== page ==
India has been targeting the Sustainable Development Goal 2, through its various nutritional interventions, including POSHAN Abhiyaan. It aims at ending hunger, achieving food security and improved nutrition along with promotion of sustainable agriculture. Ending all forms of malnutrition by 2030 is one of the eight targets of SDG2. The targets referenced in the SDGs refer to WHO’s 2012 resolution to reduce the number of stunted children by 40 per cent by 2025. Achieving this goal would bring the total number of stunted children down from 171 million in 2010 to 100 million in 2025.
MISSING THE TARGETS – IS COVID-19 THE REASON?
COVID-19 has pushed almost 150-199 million additional people in India into poverty (Ram and Yadav 2021). The pandemic caused food and health system disruptions making the people in developing countries more vulnerable to food and nutritional insecurity. The State of Food Security and Nutrition Report (2021) noted that, throughout 2020 the experience of food insecurity and hunger has exacerbated in Asian and African countries due to the pandemic (FAO, IFAD, UNICEF, WFP and WHO 2021). In India too, the pandemic has caused disturbances in the multiple sectors that are linked to agriculture such as food, health, social and economic sectors. Food supply chains were disrupted, income sources were lost and health sector was saturated making the country more vulnerable to nutritional problems (Gopalan and Mishra 2020; Harris et al. 2020; Kumar et al. 2020).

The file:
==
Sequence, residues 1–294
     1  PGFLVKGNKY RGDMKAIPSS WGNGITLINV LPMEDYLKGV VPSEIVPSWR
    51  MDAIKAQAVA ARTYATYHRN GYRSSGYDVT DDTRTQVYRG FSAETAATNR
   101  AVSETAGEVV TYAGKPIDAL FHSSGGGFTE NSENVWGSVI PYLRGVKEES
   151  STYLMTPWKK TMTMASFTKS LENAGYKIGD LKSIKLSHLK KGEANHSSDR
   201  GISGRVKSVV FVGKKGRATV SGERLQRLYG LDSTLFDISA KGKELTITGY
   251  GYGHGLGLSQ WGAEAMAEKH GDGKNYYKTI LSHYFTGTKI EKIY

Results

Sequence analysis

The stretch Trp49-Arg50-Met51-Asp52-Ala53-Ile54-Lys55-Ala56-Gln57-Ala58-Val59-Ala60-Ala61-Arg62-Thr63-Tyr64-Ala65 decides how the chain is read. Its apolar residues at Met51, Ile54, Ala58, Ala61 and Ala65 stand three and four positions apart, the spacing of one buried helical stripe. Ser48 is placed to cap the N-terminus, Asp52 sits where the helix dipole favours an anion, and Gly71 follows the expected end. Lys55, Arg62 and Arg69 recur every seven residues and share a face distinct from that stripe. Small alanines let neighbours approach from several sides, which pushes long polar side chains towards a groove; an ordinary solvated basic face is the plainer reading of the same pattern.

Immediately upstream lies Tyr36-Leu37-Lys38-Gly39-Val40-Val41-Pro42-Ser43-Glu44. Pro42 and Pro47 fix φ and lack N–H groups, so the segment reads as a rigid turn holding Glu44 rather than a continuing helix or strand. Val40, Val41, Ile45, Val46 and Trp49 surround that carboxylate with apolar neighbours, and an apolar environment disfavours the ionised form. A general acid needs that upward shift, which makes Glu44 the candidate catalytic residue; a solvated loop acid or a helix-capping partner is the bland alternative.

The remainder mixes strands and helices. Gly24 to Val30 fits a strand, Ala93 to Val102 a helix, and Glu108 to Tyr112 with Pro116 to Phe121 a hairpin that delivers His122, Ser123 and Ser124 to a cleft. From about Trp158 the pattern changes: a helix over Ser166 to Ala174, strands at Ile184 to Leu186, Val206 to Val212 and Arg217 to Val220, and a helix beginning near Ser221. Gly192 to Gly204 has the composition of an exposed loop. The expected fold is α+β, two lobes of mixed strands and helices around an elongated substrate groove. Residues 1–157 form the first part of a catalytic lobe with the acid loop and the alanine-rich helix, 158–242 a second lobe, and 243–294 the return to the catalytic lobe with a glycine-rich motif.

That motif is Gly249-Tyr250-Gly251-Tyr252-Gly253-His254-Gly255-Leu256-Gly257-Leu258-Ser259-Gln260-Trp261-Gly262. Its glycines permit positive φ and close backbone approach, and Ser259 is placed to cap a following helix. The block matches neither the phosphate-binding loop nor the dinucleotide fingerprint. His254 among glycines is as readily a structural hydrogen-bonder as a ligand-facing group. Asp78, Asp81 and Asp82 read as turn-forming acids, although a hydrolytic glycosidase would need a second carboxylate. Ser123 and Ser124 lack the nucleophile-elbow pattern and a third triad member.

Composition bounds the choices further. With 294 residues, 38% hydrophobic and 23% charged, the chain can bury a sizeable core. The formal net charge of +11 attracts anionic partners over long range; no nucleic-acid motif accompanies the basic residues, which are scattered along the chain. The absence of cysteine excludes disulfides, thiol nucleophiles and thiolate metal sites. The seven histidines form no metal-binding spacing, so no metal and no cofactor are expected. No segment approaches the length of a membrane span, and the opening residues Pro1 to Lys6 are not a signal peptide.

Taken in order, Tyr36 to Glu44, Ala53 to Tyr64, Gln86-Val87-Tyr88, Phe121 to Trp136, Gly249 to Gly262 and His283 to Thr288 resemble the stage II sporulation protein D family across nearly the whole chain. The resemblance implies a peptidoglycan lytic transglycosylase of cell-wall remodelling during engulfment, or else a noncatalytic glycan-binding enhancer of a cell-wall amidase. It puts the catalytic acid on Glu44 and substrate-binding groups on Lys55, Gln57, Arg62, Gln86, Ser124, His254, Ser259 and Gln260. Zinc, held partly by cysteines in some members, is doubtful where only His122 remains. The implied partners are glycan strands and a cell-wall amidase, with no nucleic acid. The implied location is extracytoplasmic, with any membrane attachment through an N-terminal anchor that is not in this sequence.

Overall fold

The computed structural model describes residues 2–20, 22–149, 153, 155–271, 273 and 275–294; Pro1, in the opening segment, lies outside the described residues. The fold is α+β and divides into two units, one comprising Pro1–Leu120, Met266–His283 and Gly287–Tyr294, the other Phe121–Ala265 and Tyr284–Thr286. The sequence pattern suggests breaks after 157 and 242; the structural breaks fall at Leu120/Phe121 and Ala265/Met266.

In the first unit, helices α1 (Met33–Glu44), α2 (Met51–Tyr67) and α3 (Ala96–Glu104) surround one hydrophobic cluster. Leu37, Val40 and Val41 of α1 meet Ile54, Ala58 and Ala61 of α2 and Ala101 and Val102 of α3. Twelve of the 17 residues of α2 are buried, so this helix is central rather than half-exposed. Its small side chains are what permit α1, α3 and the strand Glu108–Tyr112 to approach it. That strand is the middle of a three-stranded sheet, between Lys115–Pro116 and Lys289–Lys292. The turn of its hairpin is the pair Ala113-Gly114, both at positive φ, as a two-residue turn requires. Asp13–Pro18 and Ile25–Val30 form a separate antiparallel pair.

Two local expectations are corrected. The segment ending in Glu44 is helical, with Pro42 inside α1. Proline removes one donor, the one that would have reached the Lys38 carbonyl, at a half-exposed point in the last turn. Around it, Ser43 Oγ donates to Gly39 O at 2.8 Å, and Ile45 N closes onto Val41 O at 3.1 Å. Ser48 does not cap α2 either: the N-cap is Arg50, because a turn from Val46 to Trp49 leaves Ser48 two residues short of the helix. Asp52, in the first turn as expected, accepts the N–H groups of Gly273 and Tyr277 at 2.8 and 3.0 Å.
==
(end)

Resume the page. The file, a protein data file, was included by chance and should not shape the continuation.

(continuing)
The closure of schools in India, which are a major source that ensures meal accessibility and immunization services for children, also threatened the nutritional security of children during COVID-19. The government made appreciable efforts to support people in coping with various national and state level programmes – food grain supply through Garib Kalyan Yojana, food kit distribution, direct transfer of Mid-Day Meal cost to primary and upper primary school students, etc. But even before the COVID-19 pandemic hit, the world was already off track with regard to achieving Sustainable Development Goal 2 to eliminate hunger and all forms of malnutrition by 2030. So, the pandemic alone cannot be seen as the cause of India lagging behind in achieving these nutritional targets, rather the pandemic revealed how little progress has been made in nutritional indicators by our country.
Women from Bassi (UP) in their Nutrition garden © Dr. V. Sangeetha
IS POSHAN 2.0 THE ANSWER?
Given the under-performance of POSHAN Abhiyaan, implementing another scheme on the same lines is meaningless. Usually the problem of inadequate funding is the issue faced by most of the government programmes, but on the contrary POSHAN Abhiyaan failed to utilize the available funding of 9046 crore (NITI Aayog, 2021). It allocated only around 7411 crore from 2017-18 to 2020. The policy formulation and planning of POSHAN Abhiyaan was well-praised and it was hinged on key pillars of supporting development of services for the vulnerable populations with the help of Technology, Convergence Action Planning, Behavioural Change Communication and Capacity building (PIB, 2018). Experts are of the opinion that inefficiency in the implementation of the scheme led to the under-achievement of set targets.